Agile Basics: Coordination vs. Collaboration

I’m resisting with all of my might the urge to sing a Vanilla Ice song:

Stop, collaborate, and listen.

I guess I didn’t resist very well, did I? All right, I did it anyway. I apologize. Sometimes I can’t help but quote some Vanilla Ice.

Collaboration is a key part of Agile. The first Agile value says we value individuals and interactions over processes and tools. Collaboration is also one of the four parts of Allister Coburn’s Heart of Agile.

So what does collaboration mean? I always like to go to root words. Co means together and labor means work, so to collaborate is to work together.

Collaboration is different than coordination. Co means together and ordinate means align a series of objects, so to coordinate is to align a series of objects together.

When something has a predictable outcome, we can get away with coordination. One example is an automobile assembly line. You can break the problem into discrete parts, solve those parts and reassemble them. If you follow the steps, you get the same outcome every time.

In contrast, when we’re doing something uncertain, collaboration is required. Say you’re trying to discover which users want which features for a new service. This is not a predictable problem. Not only is collaboration better suited to complex decisions, it also benefits from diversity of perspective. The more eyes you have on the problem, the more perspectives you get on experiments you might try, the more perspectives you have on the blind spots you’re overlooking, and the better off you’re going to be.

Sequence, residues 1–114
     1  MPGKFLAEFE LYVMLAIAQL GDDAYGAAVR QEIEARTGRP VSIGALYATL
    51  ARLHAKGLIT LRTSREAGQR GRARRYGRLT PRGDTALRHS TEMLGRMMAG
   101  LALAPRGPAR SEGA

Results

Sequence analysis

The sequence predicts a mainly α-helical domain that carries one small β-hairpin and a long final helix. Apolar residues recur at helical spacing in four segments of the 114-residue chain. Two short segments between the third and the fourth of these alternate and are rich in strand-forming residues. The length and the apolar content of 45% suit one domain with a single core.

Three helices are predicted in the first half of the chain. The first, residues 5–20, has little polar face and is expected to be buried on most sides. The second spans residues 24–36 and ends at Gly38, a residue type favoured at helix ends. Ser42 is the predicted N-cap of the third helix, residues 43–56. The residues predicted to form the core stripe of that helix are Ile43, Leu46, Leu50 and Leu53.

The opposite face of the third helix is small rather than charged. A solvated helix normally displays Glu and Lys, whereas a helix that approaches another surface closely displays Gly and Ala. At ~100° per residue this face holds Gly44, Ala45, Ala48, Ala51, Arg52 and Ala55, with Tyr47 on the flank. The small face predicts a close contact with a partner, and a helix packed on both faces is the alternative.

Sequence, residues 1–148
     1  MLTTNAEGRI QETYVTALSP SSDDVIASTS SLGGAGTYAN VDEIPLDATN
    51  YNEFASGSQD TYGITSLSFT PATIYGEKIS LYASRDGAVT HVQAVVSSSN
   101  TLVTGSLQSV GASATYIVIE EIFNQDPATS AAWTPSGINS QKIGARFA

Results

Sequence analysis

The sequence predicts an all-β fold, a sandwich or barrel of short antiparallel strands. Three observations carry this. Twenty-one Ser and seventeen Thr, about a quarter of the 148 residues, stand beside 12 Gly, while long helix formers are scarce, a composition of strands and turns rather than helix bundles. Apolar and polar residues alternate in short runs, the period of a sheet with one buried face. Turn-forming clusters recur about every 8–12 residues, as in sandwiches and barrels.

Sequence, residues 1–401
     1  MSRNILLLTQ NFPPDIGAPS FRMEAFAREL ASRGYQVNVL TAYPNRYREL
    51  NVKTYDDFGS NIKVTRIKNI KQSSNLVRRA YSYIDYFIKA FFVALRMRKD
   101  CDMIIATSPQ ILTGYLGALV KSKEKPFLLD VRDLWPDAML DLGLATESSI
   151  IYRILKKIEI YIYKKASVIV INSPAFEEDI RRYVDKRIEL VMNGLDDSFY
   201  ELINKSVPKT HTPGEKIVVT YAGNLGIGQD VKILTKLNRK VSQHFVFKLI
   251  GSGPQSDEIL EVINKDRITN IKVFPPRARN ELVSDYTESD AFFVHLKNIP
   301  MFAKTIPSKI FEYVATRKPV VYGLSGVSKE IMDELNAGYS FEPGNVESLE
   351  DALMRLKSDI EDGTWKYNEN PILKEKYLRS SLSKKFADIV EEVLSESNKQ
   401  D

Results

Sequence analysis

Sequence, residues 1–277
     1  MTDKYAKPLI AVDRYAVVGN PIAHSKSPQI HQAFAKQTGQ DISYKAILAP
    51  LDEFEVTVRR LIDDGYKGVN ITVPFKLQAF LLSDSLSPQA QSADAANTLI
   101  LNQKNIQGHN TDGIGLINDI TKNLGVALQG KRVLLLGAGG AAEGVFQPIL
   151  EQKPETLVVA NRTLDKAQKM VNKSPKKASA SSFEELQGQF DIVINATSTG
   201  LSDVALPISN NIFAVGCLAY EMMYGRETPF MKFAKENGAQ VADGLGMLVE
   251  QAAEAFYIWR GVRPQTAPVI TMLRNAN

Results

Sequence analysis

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Peter Green

Peter Green led a grass roots Agile transformation at Adobe from 2005 to 2015, starting with his own team, Adobe Audition. His influence includes the teams behind such software flagships as Photoshop, Acrobat, Flash, Dreamweaver and Premiere Pro, as well as dozens of internal IT and platform technology teams and groups like marketing and globalization. His work was a major factor enabling Adobe product teams to make critical business transition from perpetual desktop products to the subscription-based service, Creative Cloud. His hands-on Scrum and Agile training and coaching at all levels of the organization including executives, helped lay the groundwork to shift teams from two-year product cycles to frequent delivery of high-quality software and services. He is a Certified Scrum Trainer® (CST), instructional designer, coach, facilitator, and a popular speaker at Tech, Agile, and Scrum conferences.

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